Agenda item 5 (continued)

Illegal Israeli actions in occupied East Jerusalem and the rest of the Occupied Palestinian Territory

Mr. Al-Kidwa (Palestine) (spoke in Arabic): At a time when we all have come to believe that the international community is heading for success in decolonization and eradicating the remnants of foreign occupation, the Israeli occupation of our Palestinian land and people stands as a unique phenomenon that has stubbornly continued for more than 33 years. Worse still is that this occupation is coupled with blatant colonial behaviour through the illegal transfer of the population of the occupying Power to the occupied territory and the attempts to colonize this land. Israel is the only State considered at this time to be an occupying Power; moreover, it combines its occupation with blatant colonial behaviour.

Does the atrocity stop there? The experience of the Israeli occupation of our Palestinian people indicates that there is still greater malignancy. It emerges when occupation and colonialism are combined with the frequent, excessive and unjustified use of force by the occupying forces, leading to a very large number of casualties among the people.

During approximately the past three weeks, the occupying Power has killed more than 90 Palestinian martyrs and injured more than 3,000 Palestinians, many of whom remain in serious condition. One third of those killed and injured are children under the age of 18. During the same period, the occupying forces have gone as far as to use heavy weaponry and helicopter gunships. In many cases, they have wilfully caused a large number of casualties and losses among our people.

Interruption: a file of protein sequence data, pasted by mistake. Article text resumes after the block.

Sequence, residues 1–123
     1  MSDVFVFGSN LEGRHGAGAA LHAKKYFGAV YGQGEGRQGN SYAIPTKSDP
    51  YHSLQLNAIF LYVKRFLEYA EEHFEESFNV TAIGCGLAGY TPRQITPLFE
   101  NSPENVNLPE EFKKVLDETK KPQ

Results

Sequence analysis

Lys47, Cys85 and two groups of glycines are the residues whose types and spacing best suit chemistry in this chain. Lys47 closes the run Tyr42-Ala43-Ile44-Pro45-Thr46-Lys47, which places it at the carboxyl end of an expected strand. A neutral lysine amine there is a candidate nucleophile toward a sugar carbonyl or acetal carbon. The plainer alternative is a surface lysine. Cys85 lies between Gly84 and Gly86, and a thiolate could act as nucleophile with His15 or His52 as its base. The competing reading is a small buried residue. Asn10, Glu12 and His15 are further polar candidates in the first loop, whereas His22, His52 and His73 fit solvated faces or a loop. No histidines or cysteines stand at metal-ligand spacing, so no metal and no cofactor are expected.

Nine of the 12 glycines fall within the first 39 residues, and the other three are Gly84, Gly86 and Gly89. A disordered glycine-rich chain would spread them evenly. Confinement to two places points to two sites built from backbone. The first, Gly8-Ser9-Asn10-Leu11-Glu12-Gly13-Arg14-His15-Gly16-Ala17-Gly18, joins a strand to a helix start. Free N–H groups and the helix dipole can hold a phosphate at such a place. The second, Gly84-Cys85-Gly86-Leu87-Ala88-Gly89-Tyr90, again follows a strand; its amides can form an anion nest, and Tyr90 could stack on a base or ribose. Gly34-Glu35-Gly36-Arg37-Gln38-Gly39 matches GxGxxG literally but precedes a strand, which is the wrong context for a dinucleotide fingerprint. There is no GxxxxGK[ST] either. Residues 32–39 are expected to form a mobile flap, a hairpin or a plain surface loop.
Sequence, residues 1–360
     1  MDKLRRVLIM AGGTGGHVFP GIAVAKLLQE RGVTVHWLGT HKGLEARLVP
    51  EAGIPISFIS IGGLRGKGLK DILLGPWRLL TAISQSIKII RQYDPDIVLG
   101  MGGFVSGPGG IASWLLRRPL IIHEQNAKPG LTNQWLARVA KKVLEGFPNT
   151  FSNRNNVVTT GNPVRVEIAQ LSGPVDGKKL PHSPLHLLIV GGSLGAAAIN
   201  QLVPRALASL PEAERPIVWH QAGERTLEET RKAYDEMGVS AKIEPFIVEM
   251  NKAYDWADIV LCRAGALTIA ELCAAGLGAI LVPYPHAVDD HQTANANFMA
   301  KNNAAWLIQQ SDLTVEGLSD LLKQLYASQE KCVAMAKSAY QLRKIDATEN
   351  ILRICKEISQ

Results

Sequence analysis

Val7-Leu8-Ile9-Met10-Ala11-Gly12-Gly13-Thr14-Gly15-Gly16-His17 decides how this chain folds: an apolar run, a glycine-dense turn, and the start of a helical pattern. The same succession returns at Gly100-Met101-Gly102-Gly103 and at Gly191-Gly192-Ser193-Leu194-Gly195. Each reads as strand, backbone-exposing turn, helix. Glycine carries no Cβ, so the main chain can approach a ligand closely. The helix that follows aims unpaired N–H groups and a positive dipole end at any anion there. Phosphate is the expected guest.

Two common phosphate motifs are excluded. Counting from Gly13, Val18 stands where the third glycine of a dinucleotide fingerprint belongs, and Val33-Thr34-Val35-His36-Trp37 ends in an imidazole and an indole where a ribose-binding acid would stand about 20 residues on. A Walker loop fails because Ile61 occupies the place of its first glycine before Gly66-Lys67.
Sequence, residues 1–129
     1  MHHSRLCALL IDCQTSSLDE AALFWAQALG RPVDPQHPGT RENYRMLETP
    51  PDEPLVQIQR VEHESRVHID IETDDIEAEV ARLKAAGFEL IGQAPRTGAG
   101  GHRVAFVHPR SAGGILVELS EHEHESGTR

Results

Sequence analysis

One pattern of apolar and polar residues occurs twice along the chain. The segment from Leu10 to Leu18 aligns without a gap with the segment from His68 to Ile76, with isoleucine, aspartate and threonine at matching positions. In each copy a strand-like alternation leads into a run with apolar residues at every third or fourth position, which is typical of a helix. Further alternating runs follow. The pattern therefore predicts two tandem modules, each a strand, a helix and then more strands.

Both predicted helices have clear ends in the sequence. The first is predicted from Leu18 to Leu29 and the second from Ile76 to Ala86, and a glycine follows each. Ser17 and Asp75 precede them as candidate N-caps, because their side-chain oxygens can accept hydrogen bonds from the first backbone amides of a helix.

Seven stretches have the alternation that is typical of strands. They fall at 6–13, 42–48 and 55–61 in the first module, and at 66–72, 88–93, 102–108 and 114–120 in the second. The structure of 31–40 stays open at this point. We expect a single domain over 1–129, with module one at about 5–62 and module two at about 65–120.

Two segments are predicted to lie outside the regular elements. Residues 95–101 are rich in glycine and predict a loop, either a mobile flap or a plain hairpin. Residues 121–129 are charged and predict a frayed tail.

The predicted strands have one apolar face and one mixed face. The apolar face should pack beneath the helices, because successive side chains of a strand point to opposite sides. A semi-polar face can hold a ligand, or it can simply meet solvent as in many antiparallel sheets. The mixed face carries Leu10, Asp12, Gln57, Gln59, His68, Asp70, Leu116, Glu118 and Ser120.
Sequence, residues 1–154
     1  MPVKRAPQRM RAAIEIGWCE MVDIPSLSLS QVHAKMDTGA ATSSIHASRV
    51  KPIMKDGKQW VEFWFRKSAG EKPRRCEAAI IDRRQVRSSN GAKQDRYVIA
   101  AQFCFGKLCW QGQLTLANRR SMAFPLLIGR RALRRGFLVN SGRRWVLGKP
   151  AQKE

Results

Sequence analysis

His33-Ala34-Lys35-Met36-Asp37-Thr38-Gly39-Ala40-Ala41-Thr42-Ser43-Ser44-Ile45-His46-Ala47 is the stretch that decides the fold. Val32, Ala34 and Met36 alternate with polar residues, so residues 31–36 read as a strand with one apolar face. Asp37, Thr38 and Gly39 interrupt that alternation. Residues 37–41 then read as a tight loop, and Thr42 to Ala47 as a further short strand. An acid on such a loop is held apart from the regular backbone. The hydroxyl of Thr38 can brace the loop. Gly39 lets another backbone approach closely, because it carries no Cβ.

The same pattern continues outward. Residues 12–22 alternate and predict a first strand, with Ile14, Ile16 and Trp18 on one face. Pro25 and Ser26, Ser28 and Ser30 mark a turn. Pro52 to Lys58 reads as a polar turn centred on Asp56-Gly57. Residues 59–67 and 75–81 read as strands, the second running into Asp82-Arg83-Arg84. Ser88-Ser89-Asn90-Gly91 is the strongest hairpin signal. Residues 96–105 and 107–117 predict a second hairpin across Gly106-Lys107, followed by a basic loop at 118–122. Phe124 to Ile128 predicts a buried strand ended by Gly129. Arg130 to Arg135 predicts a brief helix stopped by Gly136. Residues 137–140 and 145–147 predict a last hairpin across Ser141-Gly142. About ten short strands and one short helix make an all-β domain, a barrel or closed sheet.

In addition to all this ugliness, Israel, the occupying Power, makes unrelenting attempts to lay the blame on the Palestinian side — to lay the blame on those who have been killed and injured. Occupation is to be forgotten; colonial behaviour is to be forgotten; heavy weaponry is to be forgotten; the large number of Palestinian victims, including children, is to be forgotten. And the Palestinian side must be blamed because it dared to scream. The Palestinian people must be blamed because they have expressed their anger and frustration through demonstrations and by throwing stones at the soldiers of occupation. They are even subjected to accusations that reflect the racist thinking of the occupying Power, the least of which is that the Palestinian people are being instigated and that the leadership intentionally pushes our children to be killed by Israeli gunfire.